Published 2:11 PM EDT Oct 1, 2018
SAN FRANCISCO -- California's law requiring publicly held companies to require women on their boards, a first in the nation, faces a legal fight. But it's got support, particularly from women, according to a new survey.
Nearly all of the Californians polled -- 95 percent -- say corporations are not doing enough to add more female directors and 71 percent said they support the bill signed into law by Gov. Jerry Brown on Sunday night, a new survey from TheBoardlist found.
Of those surveyed outside of California -- 98 percent -- say they'd like to see a similar bill passed in their own states. No other state has passed legislation requiring quotas on corporate boards though a handful have approved nonbinding resolutions. California's bill was opposed by business groups including the California Chamber of Commerce, which argued the imposed quotas were likely unconstitutional.
TheBoardlist, an organization which highlights women who are qualified to sit on corporate boards, says the survey polled 250 people, mostly women. The survey found that 40 percent of men versus nearly 80 percent of women support the new law, a result that TheBoardlist says reflects differing opinions on how to increase the representation of women on boards
Driving support for the new California law: 42 percent of respondents said diverse companies are more profitable and 38 percent said women who have proven their corporate chops should be given positions they've earned, according to the survey.
Research shows that companies with at least one female director perform better than their all-male counterparts yet the percentage of women on corporate boards in California was 16 percent this year, barely budging from 15.5 percent in 2013.
Of those who didn't support the new law, 37 percent cited government overreach. There was also a sharp political party divide, with less than half of Republicans supporting the new law versus 85 percent of Democrats.
The law applies to corporations whose "principal executive offices" are in California. By the end of 2019, those companies must have at least one woman on their boards and by 2021, they must have a minimum of two or three women depending on the size of their boards. Companies that don't comply can be fined hundreds of thousands of dollars.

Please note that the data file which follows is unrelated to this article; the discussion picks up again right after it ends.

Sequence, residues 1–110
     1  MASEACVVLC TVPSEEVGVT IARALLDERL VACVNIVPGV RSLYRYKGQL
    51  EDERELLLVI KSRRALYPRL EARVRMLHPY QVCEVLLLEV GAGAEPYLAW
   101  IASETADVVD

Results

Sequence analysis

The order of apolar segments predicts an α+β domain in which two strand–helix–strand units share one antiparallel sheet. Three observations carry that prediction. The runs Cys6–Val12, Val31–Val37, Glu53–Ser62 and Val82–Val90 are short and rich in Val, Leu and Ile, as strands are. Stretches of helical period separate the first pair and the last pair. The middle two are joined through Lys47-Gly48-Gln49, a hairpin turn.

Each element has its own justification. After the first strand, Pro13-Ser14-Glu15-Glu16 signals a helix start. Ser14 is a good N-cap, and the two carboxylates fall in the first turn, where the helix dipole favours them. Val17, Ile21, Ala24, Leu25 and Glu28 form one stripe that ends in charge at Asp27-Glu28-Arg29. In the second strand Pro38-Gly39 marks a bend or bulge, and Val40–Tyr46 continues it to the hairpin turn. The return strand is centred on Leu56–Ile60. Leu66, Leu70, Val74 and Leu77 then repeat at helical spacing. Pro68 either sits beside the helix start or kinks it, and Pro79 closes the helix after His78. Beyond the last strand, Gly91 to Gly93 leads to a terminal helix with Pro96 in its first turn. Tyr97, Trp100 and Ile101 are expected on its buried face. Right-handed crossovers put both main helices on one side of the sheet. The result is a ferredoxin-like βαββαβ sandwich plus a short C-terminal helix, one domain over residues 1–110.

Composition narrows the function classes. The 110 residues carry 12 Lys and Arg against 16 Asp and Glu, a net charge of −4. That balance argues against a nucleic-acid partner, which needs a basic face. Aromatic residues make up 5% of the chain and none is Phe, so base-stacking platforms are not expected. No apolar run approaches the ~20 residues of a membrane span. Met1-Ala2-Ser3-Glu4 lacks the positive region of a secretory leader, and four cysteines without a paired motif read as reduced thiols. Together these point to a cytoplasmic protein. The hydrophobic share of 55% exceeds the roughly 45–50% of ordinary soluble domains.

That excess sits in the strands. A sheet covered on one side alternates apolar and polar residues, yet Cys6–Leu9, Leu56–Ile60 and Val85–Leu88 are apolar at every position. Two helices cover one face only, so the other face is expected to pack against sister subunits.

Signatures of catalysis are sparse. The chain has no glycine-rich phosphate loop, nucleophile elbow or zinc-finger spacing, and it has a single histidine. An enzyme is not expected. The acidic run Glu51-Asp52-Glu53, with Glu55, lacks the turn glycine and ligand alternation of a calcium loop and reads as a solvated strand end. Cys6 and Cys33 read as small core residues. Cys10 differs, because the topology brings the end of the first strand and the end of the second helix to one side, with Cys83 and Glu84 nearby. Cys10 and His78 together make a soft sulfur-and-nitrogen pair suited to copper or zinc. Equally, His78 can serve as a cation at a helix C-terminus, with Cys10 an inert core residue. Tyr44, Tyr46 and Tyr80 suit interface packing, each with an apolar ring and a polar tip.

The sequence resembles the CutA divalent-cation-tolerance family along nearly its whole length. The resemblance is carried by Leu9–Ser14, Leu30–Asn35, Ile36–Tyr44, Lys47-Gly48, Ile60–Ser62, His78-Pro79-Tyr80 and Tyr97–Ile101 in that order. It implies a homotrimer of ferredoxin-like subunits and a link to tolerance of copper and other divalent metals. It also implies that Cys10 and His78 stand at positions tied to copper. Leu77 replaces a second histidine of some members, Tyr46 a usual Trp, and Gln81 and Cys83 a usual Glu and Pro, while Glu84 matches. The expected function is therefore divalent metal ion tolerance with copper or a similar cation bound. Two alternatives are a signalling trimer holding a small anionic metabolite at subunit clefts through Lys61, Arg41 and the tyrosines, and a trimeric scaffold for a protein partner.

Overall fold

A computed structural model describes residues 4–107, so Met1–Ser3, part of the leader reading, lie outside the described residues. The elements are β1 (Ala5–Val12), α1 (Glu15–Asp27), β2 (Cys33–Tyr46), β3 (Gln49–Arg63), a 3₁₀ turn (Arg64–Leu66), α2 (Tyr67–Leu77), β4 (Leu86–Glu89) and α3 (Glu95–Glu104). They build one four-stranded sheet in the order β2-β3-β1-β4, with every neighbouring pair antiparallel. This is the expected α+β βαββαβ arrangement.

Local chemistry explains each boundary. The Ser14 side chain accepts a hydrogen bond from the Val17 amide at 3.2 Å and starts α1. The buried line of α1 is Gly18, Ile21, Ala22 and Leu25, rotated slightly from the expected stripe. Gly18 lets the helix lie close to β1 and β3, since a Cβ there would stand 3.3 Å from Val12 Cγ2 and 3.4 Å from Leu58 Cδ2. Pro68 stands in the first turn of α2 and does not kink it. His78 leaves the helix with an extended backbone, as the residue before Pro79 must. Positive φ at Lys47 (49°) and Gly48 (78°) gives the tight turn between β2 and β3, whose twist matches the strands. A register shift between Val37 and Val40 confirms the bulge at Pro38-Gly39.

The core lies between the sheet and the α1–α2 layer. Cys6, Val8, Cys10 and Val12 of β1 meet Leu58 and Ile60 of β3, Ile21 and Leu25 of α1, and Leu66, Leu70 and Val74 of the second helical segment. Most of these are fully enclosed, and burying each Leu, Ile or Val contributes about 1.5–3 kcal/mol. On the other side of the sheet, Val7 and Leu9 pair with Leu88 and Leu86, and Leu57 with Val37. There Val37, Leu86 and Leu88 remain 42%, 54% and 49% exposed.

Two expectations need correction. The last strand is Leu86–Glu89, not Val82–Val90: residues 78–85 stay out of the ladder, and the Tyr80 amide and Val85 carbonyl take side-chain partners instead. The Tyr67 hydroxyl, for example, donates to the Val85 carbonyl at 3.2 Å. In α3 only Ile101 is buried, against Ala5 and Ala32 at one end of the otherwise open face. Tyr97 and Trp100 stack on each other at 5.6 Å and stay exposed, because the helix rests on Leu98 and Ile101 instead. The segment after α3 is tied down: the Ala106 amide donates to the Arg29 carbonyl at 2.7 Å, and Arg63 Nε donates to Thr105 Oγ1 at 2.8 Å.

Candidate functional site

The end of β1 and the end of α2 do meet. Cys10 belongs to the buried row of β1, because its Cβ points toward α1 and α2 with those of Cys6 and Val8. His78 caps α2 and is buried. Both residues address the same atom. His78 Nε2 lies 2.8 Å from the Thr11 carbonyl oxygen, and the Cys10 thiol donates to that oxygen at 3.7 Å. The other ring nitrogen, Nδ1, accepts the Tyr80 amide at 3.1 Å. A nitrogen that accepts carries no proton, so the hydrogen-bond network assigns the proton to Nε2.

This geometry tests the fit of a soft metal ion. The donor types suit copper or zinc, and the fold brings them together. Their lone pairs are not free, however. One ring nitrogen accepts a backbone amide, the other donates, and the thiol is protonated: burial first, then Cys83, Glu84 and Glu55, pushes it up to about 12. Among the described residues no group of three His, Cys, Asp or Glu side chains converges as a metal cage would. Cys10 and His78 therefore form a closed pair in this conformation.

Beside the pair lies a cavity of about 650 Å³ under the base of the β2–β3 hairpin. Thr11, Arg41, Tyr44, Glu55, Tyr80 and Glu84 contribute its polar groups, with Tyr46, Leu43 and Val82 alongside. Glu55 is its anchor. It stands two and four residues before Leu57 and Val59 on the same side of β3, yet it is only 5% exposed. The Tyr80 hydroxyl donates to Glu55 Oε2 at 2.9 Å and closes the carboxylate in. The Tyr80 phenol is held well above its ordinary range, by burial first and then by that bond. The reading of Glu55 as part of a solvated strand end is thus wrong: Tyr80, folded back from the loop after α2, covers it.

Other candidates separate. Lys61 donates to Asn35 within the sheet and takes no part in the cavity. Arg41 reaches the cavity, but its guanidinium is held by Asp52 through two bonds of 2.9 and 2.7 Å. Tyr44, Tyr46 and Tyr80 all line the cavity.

The California law may face legal hurdles. But in signing it, Gov. Brown made reference to the Senate Judiciary Committee's recommendation of Brett Kavanaugh's nomination to the Supreme Court.
“There have been numerous objections to this bill and serious legal concerns have been raised,’’ Brown said in a statement. “I don’t minimize the potential flaws that indeed may prove fatal to its ultimate implementation. Nevertheless recent events in Washington, D.C. — and beyond — make it crystal clear that many are not getting the message."
TheBoardlist CEO Shannon Gordon says quotas have pros and cons but the slow progress to increase the number of women at the top of corporate America demands action.
Men hold all the board seats for a quarter of the publicly traded companies in California and national numbers aren't any better, with only one woman holding only one in six board seats in companies in the Russell 3000.
"At this rate, we won’t reach gender parity until 2055," Gordon said.
Quotas have proven effective. In France went from holding 12 percent of board seats in 2010 to 43 percent in 2018 of companies in the SBF 120 index after a 40 percent quota was adopted in 2011. Similar trends have been observed elsewhere in Europe.
"I think this is a giant step forward not just for women but also for our businesses and our economy," State Sen. Hannah-Beth Jackson, a Democrat from Santa Barbara who co-authored the bill, told USA TODAY. "It’s a win-win-win."